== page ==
Over 2,000 actors answered the casting call in Paris for "Jungle Book"
Photo: Jean-Louis Fernandez
Director Robert Wilson has said that his work is “more closely related to animal behaviour” than to what’s traditionally taught in acting school--a vision that is bound to serve “Jungle Book”, his next adaptation, well.
The world premiere of “Jungle Book” will take place in Luxembourg’s Grand Théâtre at the end of the month, with shows on 26-28 April.
Speaking at a press conference at the venue on Tuesday, where the team is well underway in final rehearsals, Wilson said, “Jungle Book is a journey of a young person in different worlds, whether one of nature, one of dreams, a manmade world…it’s about discoveries.”
“The body hears”
At the heart of the classic Rudyard Kipling tale is Mowgli’s journey with his animal friends in the jungle, but fans of Wilson should be eager to see his interpretation of the piece on stage. Collaborating on Wilson’s vision is American surreal folk band CocoRosie, founded in 2003 by sisters Bianca and Sierra Casady and set to soon release its seventh album. This won’t be the first time they’ve collaborated together: CocoRosie also composed scores for other Wilson productions, namely “Peter Pan” (Berlin, 2013), “Pushkin’s Fairy Tales” (Moscow, 2015) and “Edda” (Oslo, 2017).
CocoRosie’s Bianca Casady said the collab had been “easy from the start to merge into [Wilson’s] world, the theatrical world, and push extremes a little more”.
To create the sounds of the jungle, she said the band had to look no further than old instruments that had been lying around in their studio in the south of France--flutes and wooden marimbas, for instance. But, given that the dialogue of “Jungle Book” will be in French and the lyrics are in English, they also called upon the actors to write some of the missing pieces. “I was curious what their rhythm was, how it related to the music,” she said. From this, for example, a snake rap was created, during which she says the actors really “come alive”.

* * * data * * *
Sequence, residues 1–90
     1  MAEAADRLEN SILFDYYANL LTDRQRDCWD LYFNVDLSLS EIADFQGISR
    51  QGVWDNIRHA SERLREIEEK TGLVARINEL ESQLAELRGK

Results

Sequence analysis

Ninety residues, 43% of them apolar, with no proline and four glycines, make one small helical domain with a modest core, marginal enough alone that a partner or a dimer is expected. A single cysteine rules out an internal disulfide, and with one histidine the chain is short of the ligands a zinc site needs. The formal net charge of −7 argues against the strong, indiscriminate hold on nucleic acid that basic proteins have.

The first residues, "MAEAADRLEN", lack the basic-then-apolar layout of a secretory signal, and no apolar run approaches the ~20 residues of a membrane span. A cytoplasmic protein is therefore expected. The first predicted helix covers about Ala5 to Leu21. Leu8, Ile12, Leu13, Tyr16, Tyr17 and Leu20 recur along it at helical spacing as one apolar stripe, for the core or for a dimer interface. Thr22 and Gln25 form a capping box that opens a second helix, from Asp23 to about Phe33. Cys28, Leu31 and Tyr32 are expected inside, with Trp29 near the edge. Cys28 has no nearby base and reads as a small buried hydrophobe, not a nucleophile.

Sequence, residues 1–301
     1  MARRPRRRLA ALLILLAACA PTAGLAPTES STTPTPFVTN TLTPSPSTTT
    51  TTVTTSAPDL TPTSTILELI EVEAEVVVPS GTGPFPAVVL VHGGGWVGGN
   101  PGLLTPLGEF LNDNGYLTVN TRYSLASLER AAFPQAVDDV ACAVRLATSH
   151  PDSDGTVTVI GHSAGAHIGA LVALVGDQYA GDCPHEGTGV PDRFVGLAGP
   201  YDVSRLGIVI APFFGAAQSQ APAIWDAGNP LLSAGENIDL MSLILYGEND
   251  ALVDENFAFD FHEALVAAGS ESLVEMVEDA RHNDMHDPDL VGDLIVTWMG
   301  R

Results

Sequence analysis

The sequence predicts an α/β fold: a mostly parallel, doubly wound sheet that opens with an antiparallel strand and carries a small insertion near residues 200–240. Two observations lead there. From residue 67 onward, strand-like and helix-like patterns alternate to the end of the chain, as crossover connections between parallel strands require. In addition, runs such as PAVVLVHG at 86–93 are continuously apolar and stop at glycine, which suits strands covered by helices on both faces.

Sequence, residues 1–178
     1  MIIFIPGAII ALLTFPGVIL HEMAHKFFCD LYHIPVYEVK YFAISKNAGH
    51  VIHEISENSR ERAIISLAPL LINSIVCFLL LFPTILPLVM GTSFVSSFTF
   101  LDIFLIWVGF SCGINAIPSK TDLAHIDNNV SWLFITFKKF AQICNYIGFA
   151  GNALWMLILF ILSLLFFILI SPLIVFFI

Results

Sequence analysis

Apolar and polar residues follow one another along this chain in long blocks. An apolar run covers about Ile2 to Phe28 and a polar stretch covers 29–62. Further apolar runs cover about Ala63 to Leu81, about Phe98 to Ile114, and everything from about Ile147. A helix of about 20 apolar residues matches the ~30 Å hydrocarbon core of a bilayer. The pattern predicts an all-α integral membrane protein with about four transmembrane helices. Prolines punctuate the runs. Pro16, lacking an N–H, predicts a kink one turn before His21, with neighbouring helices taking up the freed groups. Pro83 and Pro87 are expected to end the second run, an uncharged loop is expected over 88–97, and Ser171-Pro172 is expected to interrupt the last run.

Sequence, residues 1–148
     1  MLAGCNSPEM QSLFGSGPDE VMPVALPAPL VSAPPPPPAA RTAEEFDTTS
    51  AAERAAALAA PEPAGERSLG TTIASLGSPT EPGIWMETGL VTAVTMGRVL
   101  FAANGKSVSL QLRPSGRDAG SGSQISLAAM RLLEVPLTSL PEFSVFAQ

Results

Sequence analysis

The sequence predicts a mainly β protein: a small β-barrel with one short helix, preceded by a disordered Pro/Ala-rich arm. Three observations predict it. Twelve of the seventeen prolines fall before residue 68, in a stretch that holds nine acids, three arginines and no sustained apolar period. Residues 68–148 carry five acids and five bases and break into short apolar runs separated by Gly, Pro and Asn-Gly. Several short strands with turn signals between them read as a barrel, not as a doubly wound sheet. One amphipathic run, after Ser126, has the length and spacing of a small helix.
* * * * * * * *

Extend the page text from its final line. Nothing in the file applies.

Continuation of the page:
Robert Wilson (centre) has said he stages in silence before adding sound. Photo: Jean-Louis Fernandez
Wilson, who was in Luxembourg last autumn to direct the classic “La Traviata”, says he has been surprised how few singers, even professional ones, truly hear music. He tends to stage in silence first before adding sound. “The body hears, we don’t just hear with our eardrums,” he said, later adding: “You don’t express music. You receive and feel music, and that will be your expression.”
When it comes to theatre, he takes a similar approach in the sense that he spends a lot of time for simple, taken-for-granted behaviours. One of the first things he does with his actors, for example, is spend a lot of time just standing or walking, basic behaviours which can reveal so much. “Most techniques taught in school are wrong for my work, they’re too polished, intellectual. But what’s going on in the mind? The mind is a muscle.”
As Tom Leick-Burns, artistic director of Les Théâtres de la Ville de Luxembourg, pointed out, it will be interesting to see how Wilson’s approach translates to the upcoming world premiere of “Jungle Book”. “The fact that these are animals [the actors] are portraying adds another layer…how these creatures come to life in that world, I’m excited to see that,” he said.
The music production is accessible for families and youngsters. As Wilson said at the close of Tuesday’s press conference, “Any great work should be for a child, and for any great actor, it’s important to see that child in you…that’s what will break our hearts.”
Catch “Jungle Book” during its run on 26-28 April at the Grand Théâtre de la Ville de Luxembourg. For more information or tickets, visit theatres.lu